Audi's A3 TDI took home the 2010 Green Car of the Year award. Green Car Journal jurors appreciated the A3's, "rakish styling, upscale appointments, and 42 mpg highway fuel efficiency – a 50 percent improvement over the gasoline A3 variant that makes the car very economical to operate with low relative CO2 emissions." Audi is now participating in a 1,000-mile long road trip, called the Green Car of the Year Tour.
The Tour, which kicks off October 18th in Eureka, CA, will supposedly showcase the role that advanced diesel vehicles will play in America's future. For the event, Audi has elected to run a pair of A3s fueled by Rentech's synthetic RenDiesel down California's coastline. RenDiesel can be produced from, "a variety of domestic resources using proprietary technologies to create sustainable and environmentally friendly diesel fuel." Basically, it's a biodegradable fuel made by gassifying biomass.
Audi of America president Johan de Nysschen emphasized the importance of diesel vehicles and advanced fuels, stating:
His words are justifiably biased, but the strengths of today's diesel-fueled vehicles show that oil burners have progressed tremendously during the past few decades and are now more than capable of providing efficient and exhilarating transport. Hit the jump for more info on Rentech's synthetic diesel and the 1,000-mile long Green Car of the Year Tour.When you combine the reigning Green Car of the Year, our Audi A3 TDI, with advanced fuels, such as RenDiesel, you begin to see that the future for sustainable motoring is near at hand. These technologies have powerful near-term potential to answer some of our thorniest energy questions.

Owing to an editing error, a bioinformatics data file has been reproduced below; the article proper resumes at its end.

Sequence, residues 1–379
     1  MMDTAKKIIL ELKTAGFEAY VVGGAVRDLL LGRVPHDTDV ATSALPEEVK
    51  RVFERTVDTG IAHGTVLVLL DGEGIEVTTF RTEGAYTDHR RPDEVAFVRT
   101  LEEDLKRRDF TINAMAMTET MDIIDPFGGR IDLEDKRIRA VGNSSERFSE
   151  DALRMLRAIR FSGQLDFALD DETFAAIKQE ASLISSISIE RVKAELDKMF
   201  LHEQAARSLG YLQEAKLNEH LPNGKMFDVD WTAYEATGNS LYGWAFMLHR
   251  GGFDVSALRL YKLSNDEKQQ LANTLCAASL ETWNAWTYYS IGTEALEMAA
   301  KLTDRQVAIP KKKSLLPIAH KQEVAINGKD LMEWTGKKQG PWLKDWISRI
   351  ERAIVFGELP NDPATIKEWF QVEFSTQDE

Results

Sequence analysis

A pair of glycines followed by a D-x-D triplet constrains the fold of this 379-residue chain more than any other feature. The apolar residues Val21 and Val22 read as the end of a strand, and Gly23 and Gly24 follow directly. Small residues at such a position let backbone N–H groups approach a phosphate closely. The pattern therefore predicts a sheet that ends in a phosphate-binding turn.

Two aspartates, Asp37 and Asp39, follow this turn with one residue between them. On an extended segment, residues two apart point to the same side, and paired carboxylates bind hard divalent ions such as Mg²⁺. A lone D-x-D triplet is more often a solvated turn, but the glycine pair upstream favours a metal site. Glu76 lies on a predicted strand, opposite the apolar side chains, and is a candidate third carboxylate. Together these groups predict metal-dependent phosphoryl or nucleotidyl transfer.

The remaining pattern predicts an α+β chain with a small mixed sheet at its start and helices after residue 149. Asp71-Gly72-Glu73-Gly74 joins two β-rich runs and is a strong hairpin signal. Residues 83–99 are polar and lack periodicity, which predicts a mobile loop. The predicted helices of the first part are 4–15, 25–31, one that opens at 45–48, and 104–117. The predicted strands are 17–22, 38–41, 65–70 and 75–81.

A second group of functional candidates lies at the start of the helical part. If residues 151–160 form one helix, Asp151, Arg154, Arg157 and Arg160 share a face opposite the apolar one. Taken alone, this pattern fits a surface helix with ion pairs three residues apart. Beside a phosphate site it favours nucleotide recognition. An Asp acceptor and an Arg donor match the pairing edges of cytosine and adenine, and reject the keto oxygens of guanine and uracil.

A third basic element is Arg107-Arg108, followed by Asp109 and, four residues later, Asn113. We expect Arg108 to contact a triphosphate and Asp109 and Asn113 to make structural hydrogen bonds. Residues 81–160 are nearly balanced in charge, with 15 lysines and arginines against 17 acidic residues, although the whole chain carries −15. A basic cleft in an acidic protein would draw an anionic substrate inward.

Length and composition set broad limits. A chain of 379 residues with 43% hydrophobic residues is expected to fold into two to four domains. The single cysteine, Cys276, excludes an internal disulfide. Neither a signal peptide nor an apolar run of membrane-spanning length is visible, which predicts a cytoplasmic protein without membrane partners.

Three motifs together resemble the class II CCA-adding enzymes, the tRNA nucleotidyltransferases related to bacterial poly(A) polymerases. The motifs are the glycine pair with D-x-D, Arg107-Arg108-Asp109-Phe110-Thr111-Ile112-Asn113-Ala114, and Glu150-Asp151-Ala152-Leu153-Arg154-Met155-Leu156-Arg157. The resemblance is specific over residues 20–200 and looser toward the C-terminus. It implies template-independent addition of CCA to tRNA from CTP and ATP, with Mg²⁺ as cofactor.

*UPDATE: This post has been changed since publication to reflect the fact that there was no "like it or not" deal that forced Audi to participate in the tour as part of accepting the prize.